November 17, 2020
5 min read

Step 1: How to Define a Web/Software Engineer Job Vacancy


As we said in our overview of the 7 steps to hiring a web/software engineer, this is the first step. You have to define what you want from the person you’re hiring.

This is only common sense, of course. You’re hardly likely to find the right talent if you’re not clear on what sort of talent that would be!

Today, we’ll take you through the process of defining a web or software engineer job opening. Note that this step is critical because it will guide the rest of your recruitment procedure.

Without it, you may well end up hiring people who contribute nothing to your team. You may even end up with ones who cost more than you can afford in wages, despite not being a perfect fit for your needs.

As such, it’s absolutely critical to get it right and avoid wasting effort on poor candidates later on. So, let’s go over how to do that now!

Get the Stakeholders Together

A big problem that many business owners run into here is that they themselves aren’t sure what to look for in a web/software engineer.

They may not be familiar with the technical skills that go into web or software engineering, for instance, and may therefore be uncertain what technical skills to look for.

Another possibility is that they may not be sufficiently acquainted with their tech team’s processes. This means they won’t know what cogs are still missing from their organisation’s machine.

Either way, that can lead to a lot of recruitment mistakes. Engineers have so many possible specialisations and competencies now that you can easily hire someone with skills unnecessary to your team if you don’t know what you’re doing.

That’s why it’s necessary to consult others when defining the job opening. Think of this as a team decision.

Possible stakeholders to invite to the discussion would be team leads, management, recruitment managers, and members of your tech team.

You want to get their input on expectations, responsibilities, necessary skills, and traits.

You may also want to check that individual biases are not affecting your recruitment process here.

Note that this may be beneficial in that it can prevent you from overlooking great talent due to unreasonable prejudice… and may also help you put together more diverse tech teams.

Why does that matter? Because studies have shown that diverse teams tend to be smarter, as well as more likely to produce novel solutions. Hence, do what you can to drop prejudices and focus on actual quality instead!

Ask the Right Questions

There are a lot of questions you can ask to help your recruitment team define the requirements for the job opening.


Here are a few of them:

  • What responsibilities will be assigned to the new hire? 
  • What sort of everyday tasks will the new hire have to do?
  • How are they expected to get the work done? 
  • What technical skills are needed and which ones are nice-to-haves, even if not necessarily required? (You may want to rank these in terms of priority.)
  • How will the person’s performance be measured once they do start?


Some of these queries can only be answered by other engineers, of course. Here are some examples of technical questions to ask:

  • Which part of the project are they expected to focus on?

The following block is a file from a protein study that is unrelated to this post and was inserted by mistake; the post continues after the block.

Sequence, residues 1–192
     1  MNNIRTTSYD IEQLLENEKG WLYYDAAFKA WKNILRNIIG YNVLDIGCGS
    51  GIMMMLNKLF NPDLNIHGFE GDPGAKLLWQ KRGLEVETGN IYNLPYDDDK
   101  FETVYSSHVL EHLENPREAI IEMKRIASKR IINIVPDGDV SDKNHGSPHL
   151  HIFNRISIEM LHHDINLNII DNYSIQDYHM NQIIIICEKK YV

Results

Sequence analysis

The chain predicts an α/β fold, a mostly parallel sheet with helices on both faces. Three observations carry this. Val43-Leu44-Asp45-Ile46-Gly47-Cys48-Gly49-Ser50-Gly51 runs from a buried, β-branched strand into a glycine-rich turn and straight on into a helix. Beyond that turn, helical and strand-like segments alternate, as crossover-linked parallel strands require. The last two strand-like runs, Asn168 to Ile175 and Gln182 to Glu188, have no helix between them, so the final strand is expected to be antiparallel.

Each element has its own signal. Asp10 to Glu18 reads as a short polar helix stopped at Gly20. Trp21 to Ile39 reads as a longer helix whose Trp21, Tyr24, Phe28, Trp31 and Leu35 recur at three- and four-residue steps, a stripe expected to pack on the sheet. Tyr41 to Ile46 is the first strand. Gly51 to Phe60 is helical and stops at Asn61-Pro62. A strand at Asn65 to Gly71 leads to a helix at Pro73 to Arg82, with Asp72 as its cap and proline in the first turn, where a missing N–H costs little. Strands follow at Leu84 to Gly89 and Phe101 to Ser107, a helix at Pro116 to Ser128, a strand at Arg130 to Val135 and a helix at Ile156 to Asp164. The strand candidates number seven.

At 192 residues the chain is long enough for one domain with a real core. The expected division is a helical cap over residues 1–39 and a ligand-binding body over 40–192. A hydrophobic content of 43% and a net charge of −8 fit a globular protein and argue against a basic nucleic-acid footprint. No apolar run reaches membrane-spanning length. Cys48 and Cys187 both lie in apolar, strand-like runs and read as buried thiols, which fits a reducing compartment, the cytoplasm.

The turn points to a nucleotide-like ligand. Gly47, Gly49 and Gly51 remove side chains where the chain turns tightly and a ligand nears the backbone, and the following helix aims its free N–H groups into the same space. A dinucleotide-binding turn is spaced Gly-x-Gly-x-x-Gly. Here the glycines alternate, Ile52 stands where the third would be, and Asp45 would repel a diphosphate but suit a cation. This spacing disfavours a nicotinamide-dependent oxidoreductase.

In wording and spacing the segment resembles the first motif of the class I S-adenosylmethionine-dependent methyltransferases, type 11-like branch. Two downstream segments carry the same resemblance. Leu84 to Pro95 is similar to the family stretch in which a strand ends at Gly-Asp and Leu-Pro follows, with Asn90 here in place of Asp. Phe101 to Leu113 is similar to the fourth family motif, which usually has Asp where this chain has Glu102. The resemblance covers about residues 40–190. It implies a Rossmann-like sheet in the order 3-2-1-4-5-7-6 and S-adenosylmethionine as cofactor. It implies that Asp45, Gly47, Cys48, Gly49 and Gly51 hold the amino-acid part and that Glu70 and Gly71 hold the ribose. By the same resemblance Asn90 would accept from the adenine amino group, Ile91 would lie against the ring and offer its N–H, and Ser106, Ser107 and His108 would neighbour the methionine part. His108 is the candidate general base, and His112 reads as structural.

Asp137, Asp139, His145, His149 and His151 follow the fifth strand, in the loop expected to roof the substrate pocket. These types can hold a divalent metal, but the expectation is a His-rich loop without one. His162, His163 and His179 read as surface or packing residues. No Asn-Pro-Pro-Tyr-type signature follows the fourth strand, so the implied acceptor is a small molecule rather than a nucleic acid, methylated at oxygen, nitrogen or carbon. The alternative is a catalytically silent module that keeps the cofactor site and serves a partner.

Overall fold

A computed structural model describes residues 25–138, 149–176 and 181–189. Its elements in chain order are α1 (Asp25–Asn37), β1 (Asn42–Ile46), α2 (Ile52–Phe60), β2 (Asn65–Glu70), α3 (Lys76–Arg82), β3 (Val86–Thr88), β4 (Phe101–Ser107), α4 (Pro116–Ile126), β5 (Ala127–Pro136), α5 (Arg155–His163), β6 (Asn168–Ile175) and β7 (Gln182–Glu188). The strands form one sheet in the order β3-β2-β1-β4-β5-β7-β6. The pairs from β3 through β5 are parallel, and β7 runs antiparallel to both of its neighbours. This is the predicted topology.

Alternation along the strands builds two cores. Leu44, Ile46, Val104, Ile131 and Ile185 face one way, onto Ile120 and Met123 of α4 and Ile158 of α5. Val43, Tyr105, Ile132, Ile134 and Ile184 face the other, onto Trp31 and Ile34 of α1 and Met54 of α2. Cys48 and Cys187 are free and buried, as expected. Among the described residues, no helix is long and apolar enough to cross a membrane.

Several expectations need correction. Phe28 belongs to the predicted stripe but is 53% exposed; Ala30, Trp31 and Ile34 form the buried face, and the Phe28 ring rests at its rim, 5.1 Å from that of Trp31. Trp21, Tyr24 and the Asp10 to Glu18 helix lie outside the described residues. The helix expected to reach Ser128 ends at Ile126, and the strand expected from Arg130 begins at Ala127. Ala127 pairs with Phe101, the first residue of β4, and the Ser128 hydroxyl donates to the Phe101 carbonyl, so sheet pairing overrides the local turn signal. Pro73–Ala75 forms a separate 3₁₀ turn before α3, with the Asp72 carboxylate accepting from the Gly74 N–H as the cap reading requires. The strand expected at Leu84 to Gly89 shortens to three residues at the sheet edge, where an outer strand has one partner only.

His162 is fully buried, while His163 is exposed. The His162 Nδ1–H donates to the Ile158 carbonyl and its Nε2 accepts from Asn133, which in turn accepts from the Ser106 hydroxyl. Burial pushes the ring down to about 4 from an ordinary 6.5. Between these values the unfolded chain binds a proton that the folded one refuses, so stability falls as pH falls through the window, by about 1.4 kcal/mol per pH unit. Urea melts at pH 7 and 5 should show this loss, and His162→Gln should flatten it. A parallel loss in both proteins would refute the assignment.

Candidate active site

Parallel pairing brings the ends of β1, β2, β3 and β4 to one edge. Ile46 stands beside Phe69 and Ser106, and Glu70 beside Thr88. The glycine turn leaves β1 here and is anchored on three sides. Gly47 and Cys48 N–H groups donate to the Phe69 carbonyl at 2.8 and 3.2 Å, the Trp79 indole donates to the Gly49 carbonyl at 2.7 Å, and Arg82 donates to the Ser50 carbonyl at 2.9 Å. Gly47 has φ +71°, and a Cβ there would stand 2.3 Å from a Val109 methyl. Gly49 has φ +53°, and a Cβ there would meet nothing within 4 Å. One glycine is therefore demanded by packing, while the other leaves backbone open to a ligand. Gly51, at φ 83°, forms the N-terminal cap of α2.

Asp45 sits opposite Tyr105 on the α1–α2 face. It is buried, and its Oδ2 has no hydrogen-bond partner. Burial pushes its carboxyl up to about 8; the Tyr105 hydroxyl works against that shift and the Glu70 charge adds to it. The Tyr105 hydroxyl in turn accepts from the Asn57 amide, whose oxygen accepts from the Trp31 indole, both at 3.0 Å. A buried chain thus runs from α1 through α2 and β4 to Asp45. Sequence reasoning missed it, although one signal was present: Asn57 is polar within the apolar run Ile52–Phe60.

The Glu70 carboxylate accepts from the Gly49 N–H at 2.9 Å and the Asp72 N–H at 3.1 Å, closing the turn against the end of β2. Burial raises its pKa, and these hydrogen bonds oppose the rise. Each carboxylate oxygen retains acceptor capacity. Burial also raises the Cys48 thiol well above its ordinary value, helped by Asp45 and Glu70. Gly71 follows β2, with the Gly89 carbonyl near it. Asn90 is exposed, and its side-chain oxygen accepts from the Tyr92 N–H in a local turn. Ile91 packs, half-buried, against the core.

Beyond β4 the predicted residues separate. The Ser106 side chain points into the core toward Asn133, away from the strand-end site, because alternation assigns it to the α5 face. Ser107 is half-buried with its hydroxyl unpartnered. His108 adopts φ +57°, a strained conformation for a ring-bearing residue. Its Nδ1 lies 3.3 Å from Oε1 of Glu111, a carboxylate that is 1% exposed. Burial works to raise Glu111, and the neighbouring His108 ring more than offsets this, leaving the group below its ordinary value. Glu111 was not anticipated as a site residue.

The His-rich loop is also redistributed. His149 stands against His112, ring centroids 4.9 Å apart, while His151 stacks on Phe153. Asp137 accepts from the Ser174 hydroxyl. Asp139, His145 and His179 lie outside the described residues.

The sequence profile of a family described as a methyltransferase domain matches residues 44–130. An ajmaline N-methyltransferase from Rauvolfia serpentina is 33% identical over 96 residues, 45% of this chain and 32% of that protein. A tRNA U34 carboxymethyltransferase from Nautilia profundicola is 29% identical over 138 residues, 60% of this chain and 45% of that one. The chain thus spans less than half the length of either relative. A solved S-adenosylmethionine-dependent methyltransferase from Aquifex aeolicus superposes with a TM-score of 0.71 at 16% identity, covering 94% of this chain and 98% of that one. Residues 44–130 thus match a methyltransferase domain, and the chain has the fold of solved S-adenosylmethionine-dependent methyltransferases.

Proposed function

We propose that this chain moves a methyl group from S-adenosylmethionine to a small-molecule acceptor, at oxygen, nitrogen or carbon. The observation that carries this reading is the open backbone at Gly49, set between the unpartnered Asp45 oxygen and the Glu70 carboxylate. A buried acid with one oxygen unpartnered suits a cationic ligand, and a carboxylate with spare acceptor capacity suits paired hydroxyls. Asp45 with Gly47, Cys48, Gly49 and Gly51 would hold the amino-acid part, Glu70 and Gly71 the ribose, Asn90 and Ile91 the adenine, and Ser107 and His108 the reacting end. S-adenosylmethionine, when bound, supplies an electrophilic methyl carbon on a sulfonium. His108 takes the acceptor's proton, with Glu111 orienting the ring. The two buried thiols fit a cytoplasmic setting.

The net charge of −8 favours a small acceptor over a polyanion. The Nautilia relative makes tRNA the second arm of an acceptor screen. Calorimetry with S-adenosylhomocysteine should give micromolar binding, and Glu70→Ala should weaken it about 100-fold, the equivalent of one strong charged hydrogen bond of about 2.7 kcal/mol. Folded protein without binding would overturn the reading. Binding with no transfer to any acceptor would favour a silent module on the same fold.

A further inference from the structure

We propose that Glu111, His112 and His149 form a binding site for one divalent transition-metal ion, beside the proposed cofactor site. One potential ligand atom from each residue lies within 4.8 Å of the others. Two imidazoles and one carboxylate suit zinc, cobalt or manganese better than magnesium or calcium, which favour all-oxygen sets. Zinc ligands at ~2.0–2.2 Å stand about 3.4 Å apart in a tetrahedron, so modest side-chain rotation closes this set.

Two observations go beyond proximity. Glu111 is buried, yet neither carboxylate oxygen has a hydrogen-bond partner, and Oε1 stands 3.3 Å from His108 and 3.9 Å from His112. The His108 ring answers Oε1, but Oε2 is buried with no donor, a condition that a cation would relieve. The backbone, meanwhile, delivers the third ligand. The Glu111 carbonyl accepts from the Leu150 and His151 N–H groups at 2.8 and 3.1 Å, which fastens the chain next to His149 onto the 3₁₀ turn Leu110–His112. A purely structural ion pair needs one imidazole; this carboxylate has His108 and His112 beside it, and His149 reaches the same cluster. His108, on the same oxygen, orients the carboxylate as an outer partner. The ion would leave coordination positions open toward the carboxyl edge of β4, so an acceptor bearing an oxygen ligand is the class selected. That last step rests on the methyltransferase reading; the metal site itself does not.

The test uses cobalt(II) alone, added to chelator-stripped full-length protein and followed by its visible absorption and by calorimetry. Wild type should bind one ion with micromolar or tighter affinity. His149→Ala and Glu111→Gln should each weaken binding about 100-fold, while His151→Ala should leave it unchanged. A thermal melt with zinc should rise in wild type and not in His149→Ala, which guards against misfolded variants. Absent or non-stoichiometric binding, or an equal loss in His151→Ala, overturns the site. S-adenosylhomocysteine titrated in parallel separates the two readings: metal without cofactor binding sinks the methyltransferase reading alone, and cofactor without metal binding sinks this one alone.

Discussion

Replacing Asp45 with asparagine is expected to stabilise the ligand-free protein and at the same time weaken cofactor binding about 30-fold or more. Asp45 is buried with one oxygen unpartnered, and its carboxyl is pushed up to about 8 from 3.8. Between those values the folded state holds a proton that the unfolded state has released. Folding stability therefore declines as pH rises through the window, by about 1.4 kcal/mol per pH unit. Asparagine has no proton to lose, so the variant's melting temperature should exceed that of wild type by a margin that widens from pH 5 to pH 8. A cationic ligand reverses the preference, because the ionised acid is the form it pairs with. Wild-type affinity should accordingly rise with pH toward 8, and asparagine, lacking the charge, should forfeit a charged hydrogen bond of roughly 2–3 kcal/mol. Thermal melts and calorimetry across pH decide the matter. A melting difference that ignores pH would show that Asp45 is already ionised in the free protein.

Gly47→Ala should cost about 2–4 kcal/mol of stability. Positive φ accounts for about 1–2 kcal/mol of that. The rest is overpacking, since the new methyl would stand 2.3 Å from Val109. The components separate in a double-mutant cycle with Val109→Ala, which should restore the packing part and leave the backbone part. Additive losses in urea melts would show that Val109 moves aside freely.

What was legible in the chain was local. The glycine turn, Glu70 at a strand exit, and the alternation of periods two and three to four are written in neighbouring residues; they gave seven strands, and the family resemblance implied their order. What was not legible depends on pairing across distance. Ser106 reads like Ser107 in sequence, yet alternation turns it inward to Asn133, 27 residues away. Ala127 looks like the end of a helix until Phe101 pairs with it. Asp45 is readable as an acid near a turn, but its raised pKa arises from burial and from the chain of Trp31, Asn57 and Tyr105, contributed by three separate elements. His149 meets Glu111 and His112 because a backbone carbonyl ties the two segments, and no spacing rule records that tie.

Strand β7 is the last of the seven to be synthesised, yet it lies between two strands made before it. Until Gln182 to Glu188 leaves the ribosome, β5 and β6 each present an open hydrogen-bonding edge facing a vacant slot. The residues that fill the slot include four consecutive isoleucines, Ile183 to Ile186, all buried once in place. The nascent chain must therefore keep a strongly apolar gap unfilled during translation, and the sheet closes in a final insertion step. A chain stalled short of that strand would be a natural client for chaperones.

• Are there specific libraries, toolkits, or tech stacks to be used for the project? Is experience in them necessary?
  • Will the new hire have to adhere to specific development standards?
  • What level of detail will they have to work in? Are they expected to tinker with bits of code or perform full-on architectural changes?

Address the Question of Soft Skills or Work Style

Here’s something a lot of business owners fail to get right: soft skills and personality types should be considered as important as the tech skills.

You see, you want someone who fits into your team culturally. Think about it: even the most brilliant engineer is useless if he can’t contribute to the organisation.

To figure out what you need here, it may be necessary to step back and take a look at your business.

Are you a startup? An established mid-size business? A large corporation?

The company culture and ideal employee personality tends to change based on the answer to that question.

For instance, engineers working in startups are often expected to thrive in highly flexible environments where they have to face a lot of changing demands.

By contrast, those working for bigger companies tend to do best if they follow orders to the letter and are fairly specialised.

You should also specify if there are communication methods or skills you require for the new hire to work well with the rest of the organisation or team.

It may be useful to talk in particular to the people who will work with them or manage them directly to get ideas here. They will likely have input on what sort of personalities they need for the team to do its best.

Put It All Together

Now you just have to put all of your notes together. At this stage, remember that you have to make sure all stakeholders’ ideas of what the new hire will be or do are coherent.

Only when you reach something of a consensus should you feel that you have a fairly well-defined idea of what you need in your next web or software engineer.

That means you can move on to the next step, which is to get that description of your vacancy out into the world to invite candidates.

That’s the next step we’ll describe in detail in this series. If you can’t wait or have any questions about what we discussed here, though, feel free to reach out!

Our speciality is web/software engineer recruitment, after all, so we can surely help you with your concerns. Drop us a line at Skilledd now!